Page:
He would then tell you how great you were. It was personal and specific in the way he built people up. He was an elevator of people--a lifter. His praise was real, authentic, and obviously reflected upon. One of his quotes was, "Master the Compliment." Of course, Dad's tender emotion and constant efforts to be a better father endeared us to him even more. He would then take his fathering skills to those around him. Countless people thought of him as their surrogate father or grandfather. I hugged more than a few sobbing children at his recent funeral when they told me he was their grandfather. Many grown men and women tearfully told me he was like their father.

Dad loved the ocean and was fascinated by ships and boats. His favorite movie was Master and Commander.

Mom and Dad celebrating their 58th anniversary on a dhow boat in Doha, Qatar. A few minutes after this picture was taken, his dream came true: he got to drive the boat.

We put him on a pedestal and loved him--not because he was perfect. But because in front of our eyes, we could see a new, better father constantly emerge before our eyes. He would tell us the talents that he perceived in us, and we would try to build upon what he saw. He was also known for giving second, third, fourth chances, and then another one with his employees and anyone else he worked with. We knew he had high expectations for himself, and he also had them for us. He had an unwearying belief that people could change, be better than they could even imagine themselves. Dad saw things in people what they could become. He not only saw it. He told them so.

Dad was a wordsmith, poet, teacher, a keeper of stories. He could intertwine truths seamlessly with ease and humor. Thousands of people loved his talks he so tediously worked over.  He loved to sit down and converse about a great book, poem, or scripture. A few of his own quotes are:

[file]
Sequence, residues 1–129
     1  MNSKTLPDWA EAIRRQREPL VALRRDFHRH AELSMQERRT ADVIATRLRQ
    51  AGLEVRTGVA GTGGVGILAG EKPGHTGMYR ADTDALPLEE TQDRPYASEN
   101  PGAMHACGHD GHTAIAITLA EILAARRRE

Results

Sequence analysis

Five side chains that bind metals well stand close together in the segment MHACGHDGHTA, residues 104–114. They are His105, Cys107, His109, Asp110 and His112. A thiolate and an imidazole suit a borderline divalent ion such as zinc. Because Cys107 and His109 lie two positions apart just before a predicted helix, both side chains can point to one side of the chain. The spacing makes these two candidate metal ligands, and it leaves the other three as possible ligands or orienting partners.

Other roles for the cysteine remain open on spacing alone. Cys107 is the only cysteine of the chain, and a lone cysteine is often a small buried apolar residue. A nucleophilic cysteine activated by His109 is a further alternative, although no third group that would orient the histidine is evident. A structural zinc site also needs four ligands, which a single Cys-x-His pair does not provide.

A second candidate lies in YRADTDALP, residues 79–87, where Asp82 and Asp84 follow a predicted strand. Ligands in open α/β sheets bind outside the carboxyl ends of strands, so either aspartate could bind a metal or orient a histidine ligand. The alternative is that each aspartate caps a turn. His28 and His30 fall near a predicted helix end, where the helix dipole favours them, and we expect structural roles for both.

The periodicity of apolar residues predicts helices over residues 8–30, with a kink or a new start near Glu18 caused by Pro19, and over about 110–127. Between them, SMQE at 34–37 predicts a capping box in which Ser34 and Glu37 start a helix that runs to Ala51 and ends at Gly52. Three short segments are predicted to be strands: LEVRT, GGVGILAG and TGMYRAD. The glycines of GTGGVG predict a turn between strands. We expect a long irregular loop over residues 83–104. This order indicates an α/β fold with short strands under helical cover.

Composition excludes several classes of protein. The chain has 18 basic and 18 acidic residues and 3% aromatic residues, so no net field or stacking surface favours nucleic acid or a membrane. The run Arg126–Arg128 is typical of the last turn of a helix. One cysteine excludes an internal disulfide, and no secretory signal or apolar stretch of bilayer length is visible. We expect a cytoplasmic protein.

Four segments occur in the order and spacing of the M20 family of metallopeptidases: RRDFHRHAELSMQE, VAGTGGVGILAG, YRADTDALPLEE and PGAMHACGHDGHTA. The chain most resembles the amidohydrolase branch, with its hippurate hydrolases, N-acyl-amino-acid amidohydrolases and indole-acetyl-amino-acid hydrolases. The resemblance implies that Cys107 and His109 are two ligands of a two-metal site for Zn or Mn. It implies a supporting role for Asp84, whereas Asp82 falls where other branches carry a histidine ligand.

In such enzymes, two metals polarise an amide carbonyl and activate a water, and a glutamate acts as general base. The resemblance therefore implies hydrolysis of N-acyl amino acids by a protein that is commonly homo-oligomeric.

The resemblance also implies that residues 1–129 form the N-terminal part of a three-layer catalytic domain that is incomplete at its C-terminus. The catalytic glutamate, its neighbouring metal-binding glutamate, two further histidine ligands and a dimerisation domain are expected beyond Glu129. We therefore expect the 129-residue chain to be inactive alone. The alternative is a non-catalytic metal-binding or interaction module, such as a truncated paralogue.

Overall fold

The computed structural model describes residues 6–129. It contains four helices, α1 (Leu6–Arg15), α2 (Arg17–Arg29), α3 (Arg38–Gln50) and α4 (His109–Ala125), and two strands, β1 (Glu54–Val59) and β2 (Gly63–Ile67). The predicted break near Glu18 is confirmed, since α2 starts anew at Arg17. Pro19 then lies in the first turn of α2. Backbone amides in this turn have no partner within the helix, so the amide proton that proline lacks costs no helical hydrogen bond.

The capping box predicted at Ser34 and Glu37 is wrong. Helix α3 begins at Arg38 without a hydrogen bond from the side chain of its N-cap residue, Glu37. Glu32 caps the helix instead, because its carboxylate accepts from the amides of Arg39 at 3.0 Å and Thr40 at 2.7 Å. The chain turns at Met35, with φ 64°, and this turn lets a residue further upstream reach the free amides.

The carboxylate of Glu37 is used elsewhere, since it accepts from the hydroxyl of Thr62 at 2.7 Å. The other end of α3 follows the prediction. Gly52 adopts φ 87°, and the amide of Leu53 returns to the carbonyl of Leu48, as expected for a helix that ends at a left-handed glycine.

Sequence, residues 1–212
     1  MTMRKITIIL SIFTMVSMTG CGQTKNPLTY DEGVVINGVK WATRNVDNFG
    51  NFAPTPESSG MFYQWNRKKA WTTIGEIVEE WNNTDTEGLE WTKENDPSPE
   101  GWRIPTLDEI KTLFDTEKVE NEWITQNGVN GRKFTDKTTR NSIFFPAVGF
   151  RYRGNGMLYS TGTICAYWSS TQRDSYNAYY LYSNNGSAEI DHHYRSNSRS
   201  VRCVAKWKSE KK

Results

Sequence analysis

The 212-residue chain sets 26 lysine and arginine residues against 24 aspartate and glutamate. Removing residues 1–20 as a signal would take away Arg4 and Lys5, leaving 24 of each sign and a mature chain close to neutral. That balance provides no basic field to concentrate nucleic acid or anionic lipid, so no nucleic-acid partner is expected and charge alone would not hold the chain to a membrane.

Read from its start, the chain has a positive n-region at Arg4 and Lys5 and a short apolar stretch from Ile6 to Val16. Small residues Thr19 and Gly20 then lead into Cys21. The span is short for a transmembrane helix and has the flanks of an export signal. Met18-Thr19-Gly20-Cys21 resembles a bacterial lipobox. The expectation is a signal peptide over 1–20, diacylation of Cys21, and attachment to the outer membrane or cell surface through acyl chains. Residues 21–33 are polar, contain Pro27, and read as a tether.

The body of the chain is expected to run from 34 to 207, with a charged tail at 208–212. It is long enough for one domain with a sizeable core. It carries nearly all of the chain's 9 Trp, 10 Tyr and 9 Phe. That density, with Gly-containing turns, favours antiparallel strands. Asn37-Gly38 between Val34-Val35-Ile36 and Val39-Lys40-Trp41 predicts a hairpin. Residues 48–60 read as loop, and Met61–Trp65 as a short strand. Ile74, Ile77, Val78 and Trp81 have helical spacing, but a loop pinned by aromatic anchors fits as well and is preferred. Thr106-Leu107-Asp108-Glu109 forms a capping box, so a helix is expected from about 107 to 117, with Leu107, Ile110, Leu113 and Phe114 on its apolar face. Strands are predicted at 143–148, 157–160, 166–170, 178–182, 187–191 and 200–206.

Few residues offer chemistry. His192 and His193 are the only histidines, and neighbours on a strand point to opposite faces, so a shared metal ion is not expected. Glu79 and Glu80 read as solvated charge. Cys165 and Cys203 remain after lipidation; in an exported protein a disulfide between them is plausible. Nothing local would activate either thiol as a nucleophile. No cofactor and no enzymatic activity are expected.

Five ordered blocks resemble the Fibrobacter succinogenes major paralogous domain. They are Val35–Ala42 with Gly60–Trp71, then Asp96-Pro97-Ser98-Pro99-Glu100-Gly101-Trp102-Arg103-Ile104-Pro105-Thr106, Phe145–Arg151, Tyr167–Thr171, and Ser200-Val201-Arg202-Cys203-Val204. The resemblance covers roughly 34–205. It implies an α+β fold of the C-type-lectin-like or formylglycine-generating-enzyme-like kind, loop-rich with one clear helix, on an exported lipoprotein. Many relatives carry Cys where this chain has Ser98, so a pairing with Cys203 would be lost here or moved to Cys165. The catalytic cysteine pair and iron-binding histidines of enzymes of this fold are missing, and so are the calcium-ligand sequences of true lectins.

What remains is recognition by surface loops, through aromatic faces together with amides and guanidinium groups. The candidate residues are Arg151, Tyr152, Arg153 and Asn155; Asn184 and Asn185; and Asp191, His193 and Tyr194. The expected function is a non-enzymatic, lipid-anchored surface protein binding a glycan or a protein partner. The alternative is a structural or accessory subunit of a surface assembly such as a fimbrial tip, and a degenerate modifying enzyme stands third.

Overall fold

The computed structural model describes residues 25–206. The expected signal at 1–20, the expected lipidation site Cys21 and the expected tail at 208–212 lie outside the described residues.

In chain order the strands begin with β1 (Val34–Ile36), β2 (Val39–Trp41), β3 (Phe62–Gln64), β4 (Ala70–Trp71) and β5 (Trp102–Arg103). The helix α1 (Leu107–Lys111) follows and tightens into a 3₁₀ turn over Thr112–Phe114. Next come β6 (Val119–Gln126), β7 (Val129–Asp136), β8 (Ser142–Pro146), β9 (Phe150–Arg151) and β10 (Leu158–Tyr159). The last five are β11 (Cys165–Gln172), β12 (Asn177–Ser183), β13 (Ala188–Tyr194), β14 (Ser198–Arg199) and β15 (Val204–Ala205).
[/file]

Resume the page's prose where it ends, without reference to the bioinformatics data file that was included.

Do the Difficult

Master the Compliment 

Be a builder

Live with Awareness

Err on the side of mercy

Life can be hard. You never know what people are going through so be kind and love them.

All or nothing

He would say these two things with a twinkle in his eye, but you knew he meant it too:
"Don't be a Hollywood baby"--showing his aversion to people who want to complain and pout about the unfairness of life.

"Don't be hotsy totsy"--meaning to stay humble whatever you achieve in this life.

Since he was born with some health ailments, he always tried to be healthy. Decades ago he was teaching us how to exercise and eat healthy. He was way ahead of his time. He would say, "Eat rough. Be tough. Dine on fibrous stuff." He hailed the benefits of "the mighty bean" and lentils. He thought, "Who would want to eat a chocolate chip when you can have a date or raisin?"

Dad left a legacy that I will keep on trying to live up to until my last breath. As I look over the treasure trove of memories with my dad, I am grateful to be his daughter. I know the impact of a father reaches no bounds. A father who keeps loving, trying, giving is extraordinary. His gifts are received by future generations. No matter how old you get, a woman is always Daddy's little girl. We knew he held our hearts. Thanks for unfailingly lighting the way, Dad. We will keep walking in your shoes until we meet again. Obituary